Two women sadly embracing

Steps to take when a loved one dies

Often it's difficult to know what to do when a loved one dies. We offer some suggestions to help you through this challenging time.

Losing a loved one — whether unexpected or anticipated — is never an easy thing to deal with. The stress of not knowing what to do when a spouse dies or what to do when a parent dies can often be so overwhelming that it can leave you physically and emotionally exhausted.

While it's important to make sure some things are taken care of as soon as possible, it's also important to remember that it's OK to ask for help when dealing with the responsibilities that come after a loved one has passed.

What to do immediately following the passing of your loved one

  • Get a legal pronouncement of death. A pronouncement of death includes the necessary information to prepare an official death certificate (which will be needed for dealing with financial matters like life insurance and assets). If your loved one was in a healthcare facility when they passed, the doctor or nurse in attendance will help record the details concerning the pronouncement of death. If your loved one was not in a healthcare facility when they passed, it's important that you call 911 immediately. A medical professional can assist you with the pronouncement of death and offer guidance on the next steps to take when someone dies.
  • Notify friends and family and ask for help. Determining who to notify when someone dies can be a challenge. The best place to start is with friends and family. As you reach out to them, they can help identify additional names to add to your list and may even be willing to assist you in notifying them. This can lift some of the immediate burden off your shoulders.
  • Find a loving home for any pets your loved one may have left behind. Friends and family are often very willing to help provide foster care for a pet, which can help lessen your stress as you sort through long-term plans.
  • Ensure your loved one's home and personal property are secured and maintained. If your loved one lived alone, it's a good idea to make arrangements for someone you trust to keep an eye on their property and make sure routine maintenance is taken care of, such as getting the mail, watering plants, mowing the grass, etc.
  • Notify the decedent's employer. If your loved one was still employed when they passed away, you'll need to call their employer to find out about any benefits they had, such as a pension or a life insurance policy. You can also use this call as an opportunity to notify coworkers and share the details of funeral arrangements.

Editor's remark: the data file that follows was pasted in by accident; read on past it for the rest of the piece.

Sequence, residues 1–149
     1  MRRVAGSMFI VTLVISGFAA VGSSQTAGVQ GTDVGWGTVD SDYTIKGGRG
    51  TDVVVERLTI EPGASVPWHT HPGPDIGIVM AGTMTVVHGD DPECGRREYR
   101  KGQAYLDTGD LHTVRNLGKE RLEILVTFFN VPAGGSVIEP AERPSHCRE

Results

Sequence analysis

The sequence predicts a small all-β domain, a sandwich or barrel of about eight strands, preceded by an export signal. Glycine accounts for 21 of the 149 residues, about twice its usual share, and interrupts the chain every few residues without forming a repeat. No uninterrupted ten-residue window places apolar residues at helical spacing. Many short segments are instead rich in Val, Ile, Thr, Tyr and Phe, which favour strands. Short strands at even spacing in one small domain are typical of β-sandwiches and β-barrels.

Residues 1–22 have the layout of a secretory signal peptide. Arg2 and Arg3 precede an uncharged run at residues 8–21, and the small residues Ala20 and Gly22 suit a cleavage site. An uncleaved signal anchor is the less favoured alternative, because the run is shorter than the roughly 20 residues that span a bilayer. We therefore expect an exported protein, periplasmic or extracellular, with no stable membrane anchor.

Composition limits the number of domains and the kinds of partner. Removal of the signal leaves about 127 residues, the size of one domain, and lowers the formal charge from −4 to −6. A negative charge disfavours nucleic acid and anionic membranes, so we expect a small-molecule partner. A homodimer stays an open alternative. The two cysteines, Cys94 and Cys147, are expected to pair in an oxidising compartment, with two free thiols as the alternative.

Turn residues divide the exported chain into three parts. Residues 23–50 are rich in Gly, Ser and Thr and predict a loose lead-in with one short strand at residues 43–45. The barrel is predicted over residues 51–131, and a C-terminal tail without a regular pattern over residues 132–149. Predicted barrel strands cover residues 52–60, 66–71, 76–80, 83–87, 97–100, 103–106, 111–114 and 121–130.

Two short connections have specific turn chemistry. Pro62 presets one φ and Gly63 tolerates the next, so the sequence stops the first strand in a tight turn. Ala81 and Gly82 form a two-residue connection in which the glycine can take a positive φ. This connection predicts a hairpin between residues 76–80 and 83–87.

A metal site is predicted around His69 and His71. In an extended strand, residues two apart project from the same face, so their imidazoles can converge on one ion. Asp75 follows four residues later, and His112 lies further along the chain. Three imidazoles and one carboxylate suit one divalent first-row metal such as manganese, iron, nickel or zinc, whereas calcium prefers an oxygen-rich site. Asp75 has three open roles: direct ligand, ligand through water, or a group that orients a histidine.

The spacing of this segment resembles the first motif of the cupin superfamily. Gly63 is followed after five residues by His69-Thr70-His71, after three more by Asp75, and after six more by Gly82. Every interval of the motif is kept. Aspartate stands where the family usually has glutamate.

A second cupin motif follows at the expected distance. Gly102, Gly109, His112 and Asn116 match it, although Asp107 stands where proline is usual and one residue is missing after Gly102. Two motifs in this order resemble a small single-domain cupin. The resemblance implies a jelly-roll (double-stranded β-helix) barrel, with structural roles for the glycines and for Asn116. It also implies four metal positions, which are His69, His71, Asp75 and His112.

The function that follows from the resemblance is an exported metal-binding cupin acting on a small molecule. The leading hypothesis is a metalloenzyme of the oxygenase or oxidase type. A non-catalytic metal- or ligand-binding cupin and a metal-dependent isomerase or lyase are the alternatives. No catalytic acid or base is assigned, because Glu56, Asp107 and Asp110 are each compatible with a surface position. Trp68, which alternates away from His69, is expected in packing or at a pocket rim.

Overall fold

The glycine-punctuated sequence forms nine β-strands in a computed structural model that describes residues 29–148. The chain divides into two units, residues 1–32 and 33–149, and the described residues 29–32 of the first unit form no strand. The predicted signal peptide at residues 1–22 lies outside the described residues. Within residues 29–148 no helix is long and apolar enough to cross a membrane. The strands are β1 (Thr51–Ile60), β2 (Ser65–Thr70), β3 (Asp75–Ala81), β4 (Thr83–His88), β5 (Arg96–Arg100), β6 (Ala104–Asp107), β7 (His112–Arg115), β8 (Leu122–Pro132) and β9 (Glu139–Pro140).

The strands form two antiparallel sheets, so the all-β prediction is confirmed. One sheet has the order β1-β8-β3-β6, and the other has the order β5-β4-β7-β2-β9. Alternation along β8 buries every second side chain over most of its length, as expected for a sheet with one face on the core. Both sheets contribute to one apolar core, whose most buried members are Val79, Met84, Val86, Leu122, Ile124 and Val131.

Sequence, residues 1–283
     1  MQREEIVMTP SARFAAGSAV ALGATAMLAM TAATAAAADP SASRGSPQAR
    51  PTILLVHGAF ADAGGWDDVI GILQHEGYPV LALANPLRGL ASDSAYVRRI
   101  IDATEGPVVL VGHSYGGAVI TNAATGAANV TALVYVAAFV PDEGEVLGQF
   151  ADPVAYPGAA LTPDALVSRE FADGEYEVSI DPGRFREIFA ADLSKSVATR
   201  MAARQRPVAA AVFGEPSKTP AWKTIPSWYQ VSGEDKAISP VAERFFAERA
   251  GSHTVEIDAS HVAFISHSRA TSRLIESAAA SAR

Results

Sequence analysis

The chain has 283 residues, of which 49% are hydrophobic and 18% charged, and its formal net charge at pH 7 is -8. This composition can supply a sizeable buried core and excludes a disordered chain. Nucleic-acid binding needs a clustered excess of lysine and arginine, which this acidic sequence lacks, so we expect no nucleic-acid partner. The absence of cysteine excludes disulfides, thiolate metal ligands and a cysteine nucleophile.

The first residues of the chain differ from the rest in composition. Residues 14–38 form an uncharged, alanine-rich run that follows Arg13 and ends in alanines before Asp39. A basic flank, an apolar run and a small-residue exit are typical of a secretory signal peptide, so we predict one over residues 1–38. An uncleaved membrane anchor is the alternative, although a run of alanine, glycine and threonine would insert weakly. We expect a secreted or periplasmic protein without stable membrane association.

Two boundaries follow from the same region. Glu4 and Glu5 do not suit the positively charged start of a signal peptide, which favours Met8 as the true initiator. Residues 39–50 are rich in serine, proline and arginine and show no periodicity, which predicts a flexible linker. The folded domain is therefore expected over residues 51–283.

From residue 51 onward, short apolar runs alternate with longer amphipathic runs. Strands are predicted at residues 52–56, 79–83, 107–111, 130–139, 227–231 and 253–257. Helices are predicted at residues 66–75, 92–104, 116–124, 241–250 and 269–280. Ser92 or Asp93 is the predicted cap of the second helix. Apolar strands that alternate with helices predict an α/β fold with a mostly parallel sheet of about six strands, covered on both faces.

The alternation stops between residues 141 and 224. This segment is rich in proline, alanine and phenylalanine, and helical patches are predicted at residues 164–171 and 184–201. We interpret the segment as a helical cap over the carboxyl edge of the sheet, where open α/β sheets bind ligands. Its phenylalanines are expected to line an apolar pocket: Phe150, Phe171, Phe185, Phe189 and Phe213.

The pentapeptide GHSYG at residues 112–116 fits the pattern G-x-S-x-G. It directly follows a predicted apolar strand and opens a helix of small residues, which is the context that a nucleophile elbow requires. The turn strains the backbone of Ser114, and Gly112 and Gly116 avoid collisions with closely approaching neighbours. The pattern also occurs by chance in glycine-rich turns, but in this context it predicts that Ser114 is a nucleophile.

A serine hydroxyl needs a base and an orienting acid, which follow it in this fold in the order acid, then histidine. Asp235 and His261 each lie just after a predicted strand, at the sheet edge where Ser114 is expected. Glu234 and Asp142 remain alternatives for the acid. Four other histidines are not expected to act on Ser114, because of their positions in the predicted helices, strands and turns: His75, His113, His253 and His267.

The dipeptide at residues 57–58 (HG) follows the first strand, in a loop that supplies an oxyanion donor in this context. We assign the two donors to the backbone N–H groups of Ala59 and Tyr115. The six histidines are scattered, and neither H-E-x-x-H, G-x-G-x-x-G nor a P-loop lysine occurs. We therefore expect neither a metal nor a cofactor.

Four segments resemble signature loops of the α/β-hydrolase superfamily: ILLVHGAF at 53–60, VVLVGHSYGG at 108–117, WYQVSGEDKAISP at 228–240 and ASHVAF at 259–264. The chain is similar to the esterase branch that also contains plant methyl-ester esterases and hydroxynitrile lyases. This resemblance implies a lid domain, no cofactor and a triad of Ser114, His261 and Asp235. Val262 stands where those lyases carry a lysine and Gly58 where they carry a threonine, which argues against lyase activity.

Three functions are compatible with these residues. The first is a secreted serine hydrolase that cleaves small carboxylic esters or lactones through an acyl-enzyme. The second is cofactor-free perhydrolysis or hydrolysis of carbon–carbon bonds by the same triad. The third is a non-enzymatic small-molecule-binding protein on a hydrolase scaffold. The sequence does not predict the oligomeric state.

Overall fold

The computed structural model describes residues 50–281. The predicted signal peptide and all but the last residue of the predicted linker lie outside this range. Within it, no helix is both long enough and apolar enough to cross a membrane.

• Take time to grieve. It's easy to get distracted when there is so much to do, but it's important to pause and let yourself mourn.

Make arrangements for funeral and burial plans

  • Locate your loved one's will. Your loved one's will includes the name of their executor along with all the details regarding how they wish to have their assets distributed after their death. The executor handles all the financial matters of the deceased to settle their estate, including paying off debts and distributing their assets as specified in the will.
  • Choose a funeral services provider. When it's time to make funeral arrangements, consider your options for which funeral, burial or cremation providers meet your service needs.
  • Prepare your loved one's obituary. Take time to remember all of the joy your loved one brought to others. This will help you craft a meaningful and loving obituary that honors your loved one's life. Your funeral home director may be able to assist you with this process. Consider sharing the obituary on social media to reach extended family, friends and acquaintances.

What to do after funeral services have concluded

  • Obtain copies of the death certificate. Typically, the funeral home will provide 10 copies of the death certificate — these will be needed to help facilitate the transfer of assets. If you are the executor, you will need to obtain an original death certificate to be used for probate court and other financial matters.
  • Contact all parties named in the will. If you are the executor, you will be responsible for notifying all parties named in the will.